OpenID Connect

Important!
Never provide your access_token, refresh_token or client_secret to a web browser or other end-user agent. Instead, maintain a separate session and persist this data in a location accessible only by your application (e.g. do not store the access_token in a cookie). Contact api-support@sparkapi.com for further guidance.

OpenID Connect (OIDC) is a simple identity layer on top of the OAuth 2.0 protocol. The standard is controlled by the OpenID Foundation.

All OpenID Connect requests must be made using HTTPS.

The typical OpenID Connect/OAuth2 flow with Spark API can be broken down into four steps:

  1. Obtaining User Authorization
  2. Token Exchange
  3. Requesting Data
  4. Refreshing Expired Sessions

Obtaining User Authorization

Endpoints:

You can obtain our OpenId Configuration information at https://sparkplatform.com/.well-known/openid-configuration. As specified in the OpenID Connect Discovery Specification. Most programming languages will have libraries pre-built to easily integrate OpenID Connect.

See also section 3.1 of OpenID Connect Core.

Obtaining user authorization requires you to redirect the end-user to the appropriate endpoint with the required parameters provided. Once they have authorized your application, they will be redirected back to your redirect_uri with the access code provided in the URI.

Example Request

https://sparkplatform.com/openid/authorize?client_id=1234&scope=openid&response_type=code&redirect_uri=https://example.com/callback&state=abcdefgh
If the request is valid, the OpenID response will contain code. After receiving the OAuth 2 code, your consumer script can proceed with the OAuth 2 token exchange and OAuth 2 data request.

Example: Successful Response

https://example.com/callback?state=abcdefgh&code=c07pue969wqlz6u5clvm2gypz
Note that OpenID responds with many more parameters, but these two are the most important for an OAuth 2 example You will use the code within the callback to request a token shown in the Token Exchange example below.

Token Exchange

See also OpenID Connect Core Token Endpoint.

After the end user has successfully authorized your application, you must exchange your access code for an access_token by POSTing the the following data to the https://sparkplatform.com/openid/token resource:

Sample POST Request Body

{
  "client_id": "[client_id]",
  "client_secret":  "[client_secret]",
  "grant_type": "authorization_code",
  "code": "[code]",
  "redirect_uri": "[redirect_uri]",
} 
Attribute Description
client_id This is your OAuth client ID provided by FBS.
client_secret This is your OAuth client secret provided by FBS.
grant_type This is always set to authorization_code .
code This is the value of the code obtained in step 1.
redirect_uri The value of the URI to which the user will be redirected upon completion. The domain must match that which is registered with FBS. (We encourage you to use HTTPS for your redirect URI.)

Sample Successful Response Body: HTTP status 200

{
    "access_token": [access_token],
    "expires_in": 86400,
    "refresh_token": [refresh_token],
    "token_type": "Bearer",
    "id_token": [id_hash]
} 

Sample Failed Response Body: HTTP status > 299 (see also OpenID Connect Core Token Error Response)

{
  "error": "[error_code]",
  "error_description": "Detailed message here"
}

Requesting Data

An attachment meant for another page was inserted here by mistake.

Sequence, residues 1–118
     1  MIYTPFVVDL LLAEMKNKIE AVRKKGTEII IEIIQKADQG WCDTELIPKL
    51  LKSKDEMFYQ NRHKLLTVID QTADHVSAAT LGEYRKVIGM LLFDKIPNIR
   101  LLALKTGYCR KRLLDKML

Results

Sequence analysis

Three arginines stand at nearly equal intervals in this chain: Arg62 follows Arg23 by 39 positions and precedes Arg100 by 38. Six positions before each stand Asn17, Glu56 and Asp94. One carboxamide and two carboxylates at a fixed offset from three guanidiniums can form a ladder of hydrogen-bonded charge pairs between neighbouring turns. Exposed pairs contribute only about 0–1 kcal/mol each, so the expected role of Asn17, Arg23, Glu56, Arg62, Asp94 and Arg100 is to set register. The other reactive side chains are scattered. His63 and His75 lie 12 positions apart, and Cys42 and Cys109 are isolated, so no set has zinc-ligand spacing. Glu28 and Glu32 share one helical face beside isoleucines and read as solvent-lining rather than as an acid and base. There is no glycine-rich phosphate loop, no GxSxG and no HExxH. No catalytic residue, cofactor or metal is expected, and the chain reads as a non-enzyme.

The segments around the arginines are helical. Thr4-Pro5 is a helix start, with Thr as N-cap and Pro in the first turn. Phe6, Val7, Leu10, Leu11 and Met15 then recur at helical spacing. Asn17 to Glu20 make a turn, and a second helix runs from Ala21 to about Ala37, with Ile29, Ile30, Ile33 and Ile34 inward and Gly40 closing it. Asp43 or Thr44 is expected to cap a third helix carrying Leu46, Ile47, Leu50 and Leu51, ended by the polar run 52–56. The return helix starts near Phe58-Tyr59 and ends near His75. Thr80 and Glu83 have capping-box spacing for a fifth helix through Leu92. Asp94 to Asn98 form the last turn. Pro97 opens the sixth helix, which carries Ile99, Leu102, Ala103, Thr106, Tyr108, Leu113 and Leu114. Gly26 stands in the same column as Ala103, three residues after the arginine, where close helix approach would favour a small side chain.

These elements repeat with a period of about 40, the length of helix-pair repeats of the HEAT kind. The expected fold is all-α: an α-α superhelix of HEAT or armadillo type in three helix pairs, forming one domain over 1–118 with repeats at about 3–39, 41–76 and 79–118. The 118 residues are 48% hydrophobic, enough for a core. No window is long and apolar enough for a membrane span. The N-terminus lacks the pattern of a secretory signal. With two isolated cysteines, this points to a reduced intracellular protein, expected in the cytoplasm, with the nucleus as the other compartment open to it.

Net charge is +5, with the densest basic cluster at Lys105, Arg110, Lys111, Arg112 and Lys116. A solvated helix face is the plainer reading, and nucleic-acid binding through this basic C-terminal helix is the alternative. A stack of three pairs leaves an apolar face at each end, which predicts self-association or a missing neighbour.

Authorization: Bearer [access_token]
Note that, when using OAuth 2, all requests must be made over HTTPS.

Refreshing Expired Sessions

Access tokens expire after 24 hours, yet it would be undesirable to have to redirect end users to the OAuth 2 authorization flow once a day. The refresh flow is a remedy to this.

Sample Session Expired Response Header and Body

HTTP/1.1 401 Unauthorized
WWW-Authenticate: Bearer realm='Flexmls API', error='invalid_token'
{
  "D": {
    "Success": false,
    "Message": "Session token has expired",
    "Code": 1020
  }
}
To refresh the access token, POST the following JSON data to the API's OAuth Access Token service at https://sparkplatform.com/openid/token using HTTPS:

Sample POST Request Body

{
  "client_id": "[client_id]",
  "client_secret":  "[client_secret]",
  "grant_type": "refresh_token",
  "refresh_token": "[refresh_token]",
  "redirect_uri": "[redirect_uri]"
}
Parameter Description
client_id This is your OAuth client ID provided by FBS.
client_secret This is your OAuth client secret provided by FBS.
grant_type Set this to refresh_token .
refresh_token This is the value of the refresh token obtained from the initial access token grant.
redirect_uri The domain must match that which is registered with FBS, although a redirection does not occur when refreshing an access token.

Sample Successful Response Body: HTTP status 200

{
  "access_token": "example_new_access_token",
  "refresh_token": "example_new_refresh_token",
  "expires_in":  86400,
  "token_type": "Bearer",
  "id_token": [id_hash]
}

Sample Failed Response Body: HTTP status > 299 (see also OpenID Connect Core Token Error Response)

{
  "error": "[error_code]",
  "error_description": "Detailed message here"
}
 

Revocation

Spark Platform provides a single log out service that can be accessed directly from the Spark Bar. If your application does not use the Spark Bar, you can initiate this flow manually by directing the user to the following URI:

https://sparkplatform.com/openid/revoke

The Single Logout process destroys the existing cookie at our OpenID Connect endpoint, requiring the user's consent for API access the next time they are directed to the endpoint. You can send a POST request to the revoke endpoint to invalidate your keys. Look at Section 2.1 of OAuth 2.0 Token Revocation for more information.